Q. How can architecture students do a walkthrough of their buildings before groundbreaking?
A. With high-tech glasses and a comfort zone in virtual reality.
When Tammy McCuen’s construction science Building Information Modeling (BIM) class completes its review of building design projects this fall, they will do what no other University of Oklahoma College of Architecture students have done before.
They will load their designs into a computer system, then step inside the buildings to have a look around. Think PlayStation or Xbox, but about 10 times larger and with a dash of reality.
McCuen, the Robert E. Busch Professor in OU’s Haskell and Irene Lemon Construction Science Division is a pioneer in the field of BIM/VIZ, short for Building Information Modeling and Visualization. She started working with the technology shortly before President Bill Clinton moved into the White House. Since then, she has watched it evolve into applied technology for almost every field associated with architecture, construction, urban planning and landscape and interior design.
OU’s BIM/VIZ laboratory is about the size of a normal classroom and is located in the basement of Gould Hall on the Norman campus. Beyond that, it is anything but normal. The room is surrounded by black walls, and the lab’s focal point is a 100-inch HD screen. The room is equipped with 3-D glasses and headgear attached to curious-looking sensors and transmitters.
Technology adapted from the electronic gaming industry is what makes it possible to peer around virtual corners, walk down virtual hallways and examine virtual ceilings, windows and doors with perception that borders on tactile.
McCuen’s construction science students will be the first to use the $175,000 BIM/VIZ lab this fall, but soon it also will be part of the curriculum for students in OU’s Architecture and Interior Design programs.
McCuen says the system makes it easier for students to examine the layout of building designs and systemsto determine if they actually work because the simulated, immersive environments help them experience the spaces created.
Student teams will use the lab to facilitate the type of collaborative process that is a staple in the construction industry. Examining designs and spotting problems prior to construction teaches them multiple lessons. Students become better designers and, just as important, learn the value in identifying design flaws before they become faults that require costly reconstruction.
BIM/VIZ is not a standard in the industry yet, but McCuen says it is an increasingly important tool, allowing architects, interior designers, general contractors and owners to avoid thousands of dollars in cost overruns caused by design problems that could have been detected before construction.
While many private clients do not ask for it, BIM/VIZ is a requirement for most federal agencies, universities, hospitals and large airports planning new construction or expansion projects.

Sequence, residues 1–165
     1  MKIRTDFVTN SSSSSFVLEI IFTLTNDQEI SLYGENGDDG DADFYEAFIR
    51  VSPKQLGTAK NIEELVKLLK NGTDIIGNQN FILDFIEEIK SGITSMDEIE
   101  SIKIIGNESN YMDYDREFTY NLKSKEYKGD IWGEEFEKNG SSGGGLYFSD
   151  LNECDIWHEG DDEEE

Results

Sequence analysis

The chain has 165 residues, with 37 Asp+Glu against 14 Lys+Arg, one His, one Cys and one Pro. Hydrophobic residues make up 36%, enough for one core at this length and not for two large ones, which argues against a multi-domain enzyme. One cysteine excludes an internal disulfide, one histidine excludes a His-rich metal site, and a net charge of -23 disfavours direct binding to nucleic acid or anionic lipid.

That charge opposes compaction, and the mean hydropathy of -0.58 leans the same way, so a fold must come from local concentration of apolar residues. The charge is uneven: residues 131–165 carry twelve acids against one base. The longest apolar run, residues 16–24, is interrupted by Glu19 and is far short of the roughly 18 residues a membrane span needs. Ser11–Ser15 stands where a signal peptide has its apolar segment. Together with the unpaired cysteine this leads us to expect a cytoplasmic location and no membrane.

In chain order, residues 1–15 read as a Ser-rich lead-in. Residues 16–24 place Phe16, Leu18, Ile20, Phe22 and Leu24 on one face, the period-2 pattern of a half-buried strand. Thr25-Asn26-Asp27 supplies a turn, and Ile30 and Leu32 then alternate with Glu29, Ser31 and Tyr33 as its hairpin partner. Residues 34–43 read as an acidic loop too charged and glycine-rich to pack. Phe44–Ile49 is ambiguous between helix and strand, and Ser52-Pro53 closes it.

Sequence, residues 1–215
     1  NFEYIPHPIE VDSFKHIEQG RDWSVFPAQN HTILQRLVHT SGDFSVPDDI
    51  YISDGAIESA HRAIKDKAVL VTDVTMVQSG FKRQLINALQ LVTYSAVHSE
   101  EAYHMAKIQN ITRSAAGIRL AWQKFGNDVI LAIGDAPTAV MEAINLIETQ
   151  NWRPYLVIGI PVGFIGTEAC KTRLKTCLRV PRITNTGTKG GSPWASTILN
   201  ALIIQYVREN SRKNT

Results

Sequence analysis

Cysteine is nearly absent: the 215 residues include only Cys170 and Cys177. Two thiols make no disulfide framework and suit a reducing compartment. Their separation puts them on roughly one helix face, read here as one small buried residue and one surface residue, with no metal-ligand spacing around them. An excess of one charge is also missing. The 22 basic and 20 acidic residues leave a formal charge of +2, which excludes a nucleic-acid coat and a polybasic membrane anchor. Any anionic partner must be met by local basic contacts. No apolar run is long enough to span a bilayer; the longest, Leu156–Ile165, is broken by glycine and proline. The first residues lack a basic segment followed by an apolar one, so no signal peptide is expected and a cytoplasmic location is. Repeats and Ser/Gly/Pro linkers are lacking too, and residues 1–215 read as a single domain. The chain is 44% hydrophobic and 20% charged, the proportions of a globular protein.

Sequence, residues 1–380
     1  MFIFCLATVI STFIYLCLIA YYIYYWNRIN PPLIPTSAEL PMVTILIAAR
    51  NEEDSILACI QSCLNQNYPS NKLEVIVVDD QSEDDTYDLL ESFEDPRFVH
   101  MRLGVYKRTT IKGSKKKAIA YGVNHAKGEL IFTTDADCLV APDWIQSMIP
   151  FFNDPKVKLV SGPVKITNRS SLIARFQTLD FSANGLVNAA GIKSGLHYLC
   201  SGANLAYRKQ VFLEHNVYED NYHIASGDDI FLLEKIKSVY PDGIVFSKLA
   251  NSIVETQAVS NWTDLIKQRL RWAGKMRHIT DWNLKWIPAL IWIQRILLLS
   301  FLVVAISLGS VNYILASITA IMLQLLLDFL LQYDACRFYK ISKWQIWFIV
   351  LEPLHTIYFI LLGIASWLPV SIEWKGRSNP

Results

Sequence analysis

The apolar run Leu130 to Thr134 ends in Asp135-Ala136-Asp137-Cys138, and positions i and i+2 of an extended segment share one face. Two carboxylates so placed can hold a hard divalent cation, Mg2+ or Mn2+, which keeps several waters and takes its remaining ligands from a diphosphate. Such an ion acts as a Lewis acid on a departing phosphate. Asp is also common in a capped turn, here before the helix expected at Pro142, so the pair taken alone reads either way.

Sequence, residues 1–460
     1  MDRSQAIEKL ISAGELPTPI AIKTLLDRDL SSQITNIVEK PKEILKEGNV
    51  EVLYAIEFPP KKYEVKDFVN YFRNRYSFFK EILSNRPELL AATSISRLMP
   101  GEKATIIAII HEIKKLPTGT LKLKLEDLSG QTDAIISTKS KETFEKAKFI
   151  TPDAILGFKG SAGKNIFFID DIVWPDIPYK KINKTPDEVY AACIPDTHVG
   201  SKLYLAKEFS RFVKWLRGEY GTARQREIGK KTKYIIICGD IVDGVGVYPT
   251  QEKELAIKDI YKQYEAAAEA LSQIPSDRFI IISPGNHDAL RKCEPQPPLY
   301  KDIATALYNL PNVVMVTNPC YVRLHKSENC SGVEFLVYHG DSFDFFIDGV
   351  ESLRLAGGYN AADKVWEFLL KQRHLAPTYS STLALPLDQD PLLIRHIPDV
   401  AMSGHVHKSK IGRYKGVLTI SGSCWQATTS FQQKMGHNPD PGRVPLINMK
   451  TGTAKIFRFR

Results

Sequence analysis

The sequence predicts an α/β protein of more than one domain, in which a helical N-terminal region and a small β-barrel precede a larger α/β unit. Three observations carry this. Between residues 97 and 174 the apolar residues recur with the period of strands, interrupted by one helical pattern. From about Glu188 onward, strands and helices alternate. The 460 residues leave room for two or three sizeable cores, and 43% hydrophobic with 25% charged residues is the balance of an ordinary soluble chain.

“It makes so much sense to have all of that information in front of you when you are analyzing a plan and making decisions,” she says.
College of Architecture Interim Dean Hans Butzer says BIM/VIZ is primarily used on vary large projects in big cities around the globe. The technology is not yet prominent in Oklahoma, however, Butzer hopes the university can change that.
“We hope this will help Oklahoma companies see the value and upgrade their technology to improve services to their clients,” says Butzer. “We see this version of the BIM/VIZ lab as a starting point. The mission of the university is to meet the needs of our students, but our college also strives to meet the needs of professionals, and the BIM/VIZ lab is one way for us to keep up, and at some level, help lead.”
Tulsa-based Flintco Constructive Solutions fully embraced BIM/VIZ in 2008 when the company hired Bobby Goldsberry as its BIM manager. Flintco’s prominent Oklahoma projects include Devon Energy Center, the Oklahoma State Capitol dome addition and the Gaylord Family/Oklahoma Memorial Stadium expansion project.
Soon, BIM/VIZ will be a standard technology across the industry, and that is why OU’s new lab is so important for students. It is changing the way the industry prepares for projects, Goldsberry says. For example, owners can forego the cost of building life-size prototypes to determine if they like the design of an interior space. Instead, they can look at the space through BIM/VIZ, turn on lights, inspect furnishings, whatever they want to do. There are limitations, but the technology can speed up the process of inspecting demonstration prototypes, and that saves time and money.
“The millennials already have it embedded in them because of PlayStation and Xbox.”
After nearly 25 years in the making, the time is right for today’s students to embrace this advancement. Considering the emerging workforce grew up with Grand Theft Auto, the difference between driving around Los Santos and walking in a virtual world of their creation is as easy as the right pair of glasses
Chip Minty is the principal of Minty Communications, LLC.
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